So how do you grow bacteria? The second step (after making sure your pond skimmer is doing it's job) is installing a properly sized biofilter. Biofilters are specifically designed with lots of nooks and crannies. They typically contain media like filter mats, lava rock, BioBalls, bio ribbon and other things that have lots of surface area where beneficial bacteria can colonize, reproduce and grow. This is where we see the ammonia-loving bacteria consuming the ammonia and producing nitrites. If your filter is large enough, and you do not disturb the bacteria colonies, your filter will also grow the second group of beneficial bacteria that will consume the nitrites and produce nitrates. We recommend adding a small dose of fresh beneficial bacteria weekly or more frequently. Bacteria need time to grow, which is why newly built ponds or newly cleaned biofilters are especially susceptible to green water algae.
The second key to growing beneficial bacteria in an Ecosystem Pond is to constantly add a little dose of fresh bacteria on a regular basis. You can do this manually once per week using a pump bottle you buy from Splash, or you can take care of it automatically with autodosers.
Once you have all that good bacteria in your pond, make sure you keep it there. Only clean your biofilter once a year - usually in the early spring, before the pond fully emerges from winter dormancy - so you don't wipe out established bacteria colonies. If you must clean it more often, gently rinse it with water from your pond to make the process as gentle as possible.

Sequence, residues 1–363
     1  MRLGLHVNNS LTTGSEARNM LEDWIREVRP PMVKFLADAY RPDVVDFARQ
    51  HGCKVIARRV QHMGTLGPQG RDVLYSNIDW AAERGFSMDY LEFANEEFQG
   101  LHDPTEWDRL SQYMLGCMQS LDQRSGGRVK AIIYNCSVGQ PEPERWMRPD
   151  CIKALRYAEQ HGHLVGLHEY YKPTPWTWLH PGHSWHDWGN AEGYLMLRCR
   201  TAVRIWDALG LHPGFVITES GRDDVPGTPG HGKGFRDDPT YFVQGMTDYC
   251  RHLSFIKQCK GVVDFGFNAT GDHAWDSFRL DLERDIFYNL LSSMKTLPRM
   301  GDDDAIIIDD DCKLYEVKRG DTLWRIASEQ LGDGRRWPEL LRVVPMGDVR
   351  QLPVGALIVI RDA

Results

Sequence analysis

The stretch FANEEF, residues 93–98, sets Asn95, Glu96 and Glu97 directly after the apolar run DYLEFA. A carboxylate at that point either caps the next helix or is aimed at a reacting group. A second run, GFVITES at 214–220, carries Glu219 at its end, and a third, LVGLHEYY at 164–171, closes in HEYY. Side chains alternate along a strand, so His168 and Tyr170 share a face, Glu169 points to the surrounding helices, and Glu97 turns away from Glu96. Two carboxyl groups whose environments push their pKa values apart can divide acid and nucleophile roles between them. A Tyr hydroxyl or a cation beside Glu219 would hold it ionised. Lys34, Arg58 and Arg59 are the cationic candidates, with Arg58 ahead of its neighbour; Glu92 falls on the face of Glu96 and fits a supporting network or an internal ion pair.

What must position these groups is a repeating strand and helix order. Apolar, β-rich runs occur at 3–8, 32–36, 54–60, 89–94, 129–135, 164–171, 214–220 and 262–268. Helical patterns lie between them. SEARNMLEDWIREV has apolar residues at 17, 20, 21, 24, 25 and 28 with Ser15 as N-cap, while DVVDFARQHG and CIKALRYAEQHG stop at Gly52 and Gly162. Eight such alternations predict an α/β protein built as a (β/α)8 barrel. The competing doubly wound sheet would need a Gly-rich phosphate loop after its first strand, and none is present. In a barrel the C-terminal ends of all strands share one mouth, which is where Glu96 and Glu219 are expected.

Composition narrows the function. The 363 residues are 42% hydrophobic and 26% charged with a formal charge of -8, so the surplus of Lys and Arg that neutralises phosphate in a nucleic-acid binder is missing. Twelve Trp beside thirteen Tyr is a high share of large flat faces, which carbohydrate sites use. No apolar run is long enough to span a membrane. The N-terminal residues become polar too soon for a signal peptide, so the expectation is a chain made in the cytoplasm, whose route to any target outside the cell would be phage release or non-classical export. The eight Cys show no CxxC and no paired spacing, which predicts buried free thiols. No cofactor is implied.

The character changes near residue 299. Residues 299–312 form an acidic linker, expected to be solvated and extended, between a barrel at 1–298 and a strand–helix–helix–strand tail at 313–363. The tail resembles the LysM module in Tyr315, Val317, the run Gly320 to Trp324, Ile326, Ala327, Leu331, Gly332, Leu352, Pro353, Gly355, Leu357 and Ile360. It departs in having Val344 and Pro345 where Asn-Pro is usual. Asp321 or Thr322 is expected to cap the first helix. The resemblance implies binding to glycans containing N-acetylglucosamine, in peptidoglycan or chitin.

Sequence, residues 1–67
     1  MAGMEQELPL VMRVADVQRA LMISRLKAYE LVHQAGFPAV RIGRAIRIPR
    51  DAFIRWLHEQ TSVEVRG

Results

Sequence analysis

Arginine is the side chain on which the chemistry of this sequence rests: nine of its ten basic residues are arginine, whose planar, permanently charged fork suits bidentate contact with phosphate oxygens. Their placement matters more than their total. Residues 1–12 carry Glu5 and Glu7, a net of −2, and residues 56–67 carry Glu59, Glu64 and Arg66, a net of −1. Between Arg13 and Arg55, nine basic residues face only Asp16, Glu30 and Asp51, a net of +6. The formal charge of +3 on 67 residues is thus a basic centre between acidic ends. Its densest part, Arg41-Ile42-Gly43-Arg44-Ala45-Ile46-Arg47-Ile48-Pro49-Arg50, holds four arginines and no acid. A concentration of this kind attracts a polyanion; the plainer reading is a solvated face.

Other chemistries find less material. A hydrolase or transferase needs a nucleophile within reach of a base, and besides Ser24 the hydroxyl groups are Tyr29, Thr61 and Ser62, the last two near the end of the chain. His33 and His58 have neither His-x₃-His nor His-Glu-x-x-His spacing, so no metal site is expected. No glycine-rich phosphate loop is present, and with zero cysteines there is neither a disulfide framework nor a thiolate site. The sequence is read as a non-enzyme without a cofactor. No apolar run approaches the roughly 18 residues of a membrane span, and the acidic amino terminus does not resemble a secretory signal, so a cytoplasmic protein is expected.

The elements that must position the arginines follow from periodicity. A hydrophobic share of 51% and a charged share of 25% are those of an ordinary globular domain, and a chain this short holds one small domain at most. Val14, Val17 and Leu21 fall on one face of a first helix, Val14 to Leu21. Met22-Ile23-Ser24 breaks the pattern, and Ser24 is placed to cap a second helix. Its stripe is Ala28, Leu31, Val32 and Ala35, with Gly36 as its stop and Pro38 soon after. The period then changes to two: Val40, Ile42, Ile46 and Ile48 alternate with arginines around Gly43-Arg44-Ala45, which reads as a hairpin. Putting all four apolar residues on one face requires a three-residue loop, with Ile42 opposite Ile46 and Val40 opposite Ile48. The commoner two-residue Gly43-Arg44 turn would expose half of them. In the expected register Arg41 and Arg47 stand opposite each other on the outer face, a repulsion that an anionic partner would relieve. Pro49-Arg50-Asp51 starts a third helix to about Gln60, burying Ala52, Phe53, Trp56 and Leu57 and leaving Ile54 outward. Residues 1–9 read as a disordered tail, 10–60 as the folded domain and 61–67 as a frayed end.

Don't confuse your biofilter for your skimmer, which sucks in debris like fish waste and dead leaves so it doesn't decay in your pond. You can clean your skimmer as much as you'd like during the season - most people do it about once per week.
Step 3: Enjoy Your Clear Water
If you stop by the Splash Design Center, you'll see that all our ponds are crystal-clear to the bottom. It's not because of anything magic that we're doing other than putting beneficial bacteria in the ponds.
So let's recap: Green-water algae is caused by excess nitrites. We can either feed these nitrites to the green water and enjoy a green water pond, or we can feed these nitrites to a beneficial bacteria that's growing in your biofilter. If you take good care of your beneficial bacteria - by having a large-enough biofilter, seldomly cleaning that biofilter and building the bacteria colonies with weekly water treatments - your green water problems will go away.
Still have questions about green water in your pond? Don't hesitate to reach out to us at Splash Supply Co.
A Note About Algae Treatments
You might notice we didn't mention algaecides or UV clarifiers as part of our solution for green water algae. The simple truth is this: You shouldn't need them.
Algaecide will kill the algae, but can also kill your fish if you don't carefully follow dosing instructions. It also does nothing to treat the root of your algae problems - excess nitrites - dragging you into a cycle of constantly buying more chemicals to keep your water clear.
UV clarifiers and sterilizers, on the other hand, don't pose any risk to your pond life. They generally work by moving your water past a UV light that damages algae cells and stops them from reproducing. UV lights will consequently keep your water clear, but, like algaecides, do nothing to treat the cause of green water algae.
We sell both algaecide and UV clarifiers at Splash for pond owners who want to try them. Be aware, however, that your pond still needs beneficial bacteria to stay clear in the long run.